All admitted patients are required to complete a routine blood test, nucleic acid testing of COVID-19, and a lung CT scan, and hospitalization for surgery is permitted only after they are confirmed with no evidence related to COVID-19 infection. During the period of hospitalization, only 1 relative or friend is allowed to accompany or visit. As for the employees, all of them have completed COVID-19 nucleic acid testing.
What are some of the ongoing challenges that your program is facing during this time?
At present, pre-hospital inspections have reduced the efficiency of the entire medical treatment process. Some patients have given up further interventional treatment because of pre-hospital inspections including routine blood testing, nucleic acid testing of COVID-19, and lung CT. Moreover, the number of patients from other cities has significantly reduced, so the total number of procedures has not reached the same level as last year.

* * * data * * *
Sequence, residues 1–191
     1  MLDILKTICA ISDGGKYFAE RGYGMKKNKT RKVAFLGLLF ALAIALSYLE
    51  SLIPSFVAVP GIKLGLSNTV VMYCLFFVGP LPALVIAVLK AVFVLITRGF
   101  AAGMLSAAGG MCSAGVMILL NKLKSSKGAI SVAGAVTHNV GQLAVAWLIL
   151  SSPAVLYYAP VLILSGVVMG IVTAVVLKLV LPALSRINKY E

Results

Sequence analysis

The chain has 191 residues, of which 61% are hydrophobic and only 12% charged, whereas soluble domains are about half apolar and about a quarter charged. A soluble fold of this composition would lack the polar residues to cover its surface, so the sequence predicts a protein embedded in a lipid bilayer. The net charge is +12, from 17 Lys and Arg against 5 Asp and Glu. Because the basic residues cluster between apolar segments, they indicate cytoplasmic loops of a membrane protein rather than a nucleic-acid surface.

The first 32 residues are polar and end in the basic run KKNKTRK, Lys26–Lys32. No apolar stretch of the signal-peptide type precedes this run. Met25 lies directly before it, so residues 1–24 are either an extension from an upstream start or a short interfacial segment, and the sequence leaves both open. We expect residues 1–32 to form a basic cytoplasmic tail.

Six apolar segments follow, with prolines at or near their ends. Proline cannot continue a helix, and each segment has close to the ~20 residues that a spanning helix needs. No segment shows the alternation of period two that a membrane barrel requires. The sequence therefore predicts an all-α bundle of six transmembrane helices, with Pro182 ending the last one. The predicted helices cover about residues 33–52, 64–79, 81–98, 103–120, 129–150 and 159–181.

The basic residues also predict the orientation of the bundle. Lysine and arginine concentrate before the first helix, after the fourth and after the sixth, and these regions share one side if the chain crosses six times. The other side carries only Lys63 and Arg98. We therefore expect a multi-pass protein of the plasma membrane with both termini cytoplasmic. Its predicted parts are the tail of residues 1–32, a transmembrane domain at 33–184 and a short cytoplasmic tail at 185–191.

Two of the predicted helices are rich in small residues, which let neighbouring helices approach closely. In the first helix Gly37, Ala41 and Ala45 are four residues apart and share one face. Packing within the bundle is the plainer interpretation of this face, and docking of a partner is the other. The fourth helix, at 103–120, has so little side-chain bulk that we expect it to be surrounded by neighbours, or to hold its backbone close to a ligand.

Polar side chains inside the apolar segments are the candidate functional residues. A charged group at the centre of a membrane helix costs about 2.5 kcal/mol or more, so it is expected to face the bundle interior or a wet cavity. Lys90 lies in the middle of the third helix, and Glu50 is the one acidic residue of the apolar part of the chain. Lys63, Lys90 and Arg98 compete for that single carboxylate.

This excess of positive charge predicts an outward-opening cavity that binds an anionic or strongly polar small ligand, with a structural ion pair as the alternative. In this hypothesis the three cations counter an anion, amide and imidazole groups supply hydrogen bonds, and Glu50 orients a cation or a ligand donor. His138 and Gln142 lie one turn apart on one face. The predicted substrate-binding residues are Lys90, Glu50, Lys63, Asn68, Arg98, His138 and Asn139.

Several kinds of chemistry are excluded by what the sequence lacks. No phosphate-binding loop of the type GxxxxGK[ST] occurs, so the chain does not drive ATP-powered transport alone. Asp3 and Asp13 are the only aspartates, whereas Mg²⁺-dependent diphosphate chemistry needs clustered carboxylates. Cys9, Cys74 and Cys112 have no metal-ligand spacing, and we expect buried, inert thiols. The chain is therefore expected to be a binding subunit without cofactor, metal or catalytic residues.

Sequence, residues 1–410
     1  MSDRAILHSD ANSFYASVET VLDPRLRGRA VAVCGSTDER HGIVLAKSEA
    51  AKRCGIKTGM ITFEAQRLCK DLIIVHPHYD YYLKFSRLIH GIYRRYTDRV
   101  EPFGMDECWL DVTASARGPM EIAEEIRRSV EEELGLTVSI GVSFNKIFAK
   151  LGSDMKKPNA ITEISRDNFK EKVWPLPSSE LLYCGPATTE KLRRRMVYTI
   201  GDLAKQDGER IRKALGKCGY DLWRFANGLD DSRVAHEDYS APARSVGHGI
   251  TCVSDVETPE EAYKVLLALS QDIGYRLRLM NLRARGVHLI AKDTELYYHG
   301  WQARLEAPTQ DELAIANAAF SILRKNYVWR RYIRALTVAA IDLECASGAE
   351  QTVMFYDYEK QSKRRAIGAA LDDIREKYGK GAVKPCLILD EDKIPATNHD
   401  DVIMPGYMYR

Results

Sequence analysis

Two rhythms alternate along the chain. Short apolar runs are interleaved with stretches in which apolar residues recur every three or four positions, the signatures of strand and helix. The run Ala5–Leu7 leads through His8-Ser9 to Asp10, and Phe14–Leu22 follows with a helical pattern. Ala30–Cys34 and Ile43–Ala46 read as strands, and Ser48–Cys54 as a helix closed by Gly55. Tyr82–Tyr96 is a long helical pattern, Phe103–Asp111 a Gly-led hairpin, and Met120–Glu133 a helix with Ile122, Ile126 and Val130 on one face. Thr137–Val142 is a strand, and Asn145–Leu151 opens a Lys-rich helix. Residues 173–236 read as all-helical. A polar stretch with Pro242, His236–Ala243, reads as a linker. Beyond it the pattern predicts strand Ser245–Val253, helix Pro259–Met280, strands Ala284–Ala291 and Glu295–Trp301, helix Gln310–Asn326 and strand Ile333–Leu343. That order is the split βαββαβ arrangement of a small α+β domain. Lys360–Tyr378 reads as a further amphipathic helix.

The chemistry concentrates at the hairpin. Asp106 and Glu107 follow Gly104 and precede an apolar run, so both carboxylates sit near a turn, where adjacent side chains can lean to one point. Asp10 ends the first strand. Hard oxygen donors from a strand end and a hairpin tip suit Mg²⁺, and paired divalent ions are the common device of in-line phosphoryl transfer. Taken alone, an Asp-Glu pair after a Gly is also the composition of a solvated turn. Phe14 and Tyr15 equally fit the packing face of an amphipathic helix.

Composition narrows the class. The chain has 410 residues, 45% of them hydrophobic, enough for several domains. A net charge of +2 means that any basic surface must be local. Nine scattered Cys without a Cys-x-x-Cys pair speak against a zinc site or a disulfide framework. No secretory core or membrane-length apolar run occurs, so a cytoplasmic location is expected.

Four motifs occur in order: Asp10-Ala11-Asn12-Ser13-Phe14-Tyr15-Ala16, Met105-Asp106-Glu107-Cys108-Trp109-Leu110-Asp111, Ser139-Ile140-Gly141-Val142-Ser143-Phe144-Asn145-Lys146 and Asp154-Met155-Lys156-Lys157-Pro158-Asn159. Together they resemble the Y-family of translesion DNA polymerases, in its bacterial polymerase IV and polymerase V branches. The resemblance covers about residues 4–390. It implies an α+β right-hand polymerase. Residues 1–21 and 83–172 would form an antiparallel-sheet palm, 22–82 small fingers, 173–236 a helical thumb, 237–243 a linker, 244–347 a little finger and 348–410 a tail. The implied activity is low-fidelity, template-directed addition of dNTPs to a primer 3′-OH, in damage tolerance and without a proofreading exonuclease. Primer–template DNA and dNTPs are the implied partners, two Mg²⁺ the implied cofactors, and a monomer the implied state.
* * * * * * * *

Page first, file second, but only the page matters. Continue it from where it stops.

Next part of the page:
When did EP procedures resume for non–COVID-19 arrhythmia patients? How are you managing procedure prioritization?
Clinical work has gradually resumed from April 2020, and non–COVID-19 arrhythmia patients have been hospitalized for treatment as usual. The order of procedures is mainly based on the situation of the patient’s disease, since the factor of COVID-19 is no longer a consideration.
What changes have been made in workflow, scheduling, staffing, and cleaning as a result of the pandemic?
Every day, employees are required to report whether there are symptoms of respiratory system infection, such as fever and cough. They are required to check their temperature when entering the diagnosis and treatment area. They must wear respirators during hospital work. The hospital does not recommend employees leaving Shanghai for work and communication, and it is not permitted to leave China. Employees are required to report when they leave Shanghai. They are required to be quarantined if they return to Shanghai from an epidemic area, and they are required to complete nucleic acid testing if they return from a non-epidemic area. Regarding academic meetings, some hospitals are holding meetings online or a mixture of online-offline meetings. Regarding cleaning procedures within the EP laboratory, more emphasis has been put on routine cleaning and disinfectants used for cleaning.